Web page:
Even if we can do little against the pollution of rivers by companies in China, the USA, Bangladesh or wherever, we can at least contribute on a small scale to local water protection. With a dry toilet, for example. Here, the excreta is not flushed into the sewage, but separated and reused. The urine can be diluted and used as fertiliser for your plants. Throw the excrement on the compost and let nature do the decomposition until you have valuable humus. You can use this as soil in the garden.

What else can you do to protect water at home?

    Do not let the water run when brushing your teeth or soaping your hands.

    Dispose of medicines properly (take them to the pharmacy) and do not flush them down the toilet.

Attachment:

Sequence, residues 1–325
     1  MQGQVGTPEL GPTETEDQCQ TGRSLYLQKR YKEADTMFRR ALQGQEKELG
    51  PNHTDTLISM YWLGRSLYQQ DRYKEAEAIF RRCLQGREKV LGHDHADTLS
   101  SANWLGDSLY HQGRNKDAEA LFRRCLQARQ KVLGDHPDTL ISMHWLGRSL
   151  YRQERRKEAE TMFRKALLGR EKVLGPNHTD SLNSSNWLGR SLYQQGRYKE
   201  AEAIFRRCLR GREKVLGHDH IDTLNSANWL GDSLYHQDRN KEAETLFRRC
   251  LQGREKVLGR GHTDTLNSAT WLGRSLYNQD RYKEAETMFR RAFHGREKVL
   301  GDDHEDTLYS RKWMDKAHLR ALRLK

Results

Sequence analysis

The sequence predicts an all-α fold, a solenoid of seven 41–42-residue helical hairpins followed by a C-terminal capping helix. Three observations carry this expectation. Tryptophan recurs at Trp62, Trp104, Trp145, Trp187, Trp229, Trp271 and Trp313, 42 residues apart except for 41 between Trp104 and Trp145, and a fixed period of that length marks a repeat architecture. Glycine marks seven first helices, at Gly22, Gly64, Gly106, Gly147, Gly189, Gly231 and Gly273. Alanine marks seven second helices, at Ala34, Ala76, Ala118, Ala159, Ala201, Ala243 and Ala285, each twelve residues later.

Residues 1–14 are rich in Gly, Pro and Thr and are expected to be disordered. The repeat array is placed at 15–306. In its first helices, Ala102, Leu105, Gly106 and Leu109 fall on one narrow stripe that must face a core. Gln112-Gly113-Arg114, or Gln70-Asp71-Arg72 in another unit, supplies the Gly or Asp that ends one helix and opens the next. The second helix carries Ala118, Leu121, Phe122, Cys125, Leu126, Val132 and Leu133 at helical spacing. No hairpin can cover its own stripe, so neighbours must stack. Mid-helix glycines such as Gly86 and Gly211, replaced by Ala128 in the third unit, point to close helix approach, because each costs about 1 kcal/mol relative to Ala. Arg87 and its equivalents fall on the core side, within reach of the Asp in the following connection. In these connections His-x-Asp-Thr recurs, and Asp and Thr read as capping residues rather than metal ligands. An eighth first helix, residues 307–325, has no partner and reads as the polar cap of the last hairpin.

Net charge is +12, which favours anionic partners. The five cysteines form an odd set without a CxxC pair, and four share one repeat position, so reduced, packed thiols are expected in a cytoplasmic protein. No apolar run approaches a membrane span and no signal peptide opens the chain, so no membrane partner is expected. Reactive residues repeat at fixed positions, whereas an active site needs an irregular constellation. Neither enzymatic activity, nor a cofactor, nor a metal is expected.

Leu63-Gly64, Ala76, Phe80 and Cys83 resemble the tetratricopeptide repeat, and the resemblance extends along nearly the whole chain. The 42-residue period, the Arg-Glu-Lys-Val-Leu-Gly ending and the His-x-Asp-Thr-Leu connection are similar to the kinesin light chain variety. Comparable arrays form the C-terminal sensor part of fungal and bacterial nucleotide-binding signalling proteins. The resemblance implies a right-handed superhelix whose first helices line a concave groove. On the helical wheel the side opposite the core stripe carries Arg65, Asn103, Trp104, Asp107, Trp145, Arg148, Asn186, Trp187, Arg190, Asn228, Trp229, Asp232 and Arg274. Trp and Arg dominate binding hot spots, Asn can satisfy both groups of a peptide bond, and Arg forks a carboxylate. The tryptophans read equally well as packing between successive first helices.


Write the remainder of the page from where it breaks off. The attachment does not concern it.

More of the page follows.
Avoid microplastics

    Use peelings without beads

    Use household cleaning products that contain little or no chemicals and are naturally degradable, e.g. our beetroot dishwasher.

    Make your own cleaning products

    Reduce disposable plastic, e.g. straws

    Don't pour your cleaning water into the garden

    Do not use chemicals in the garden

Use sand instead of salt during winter to secure your paths and streets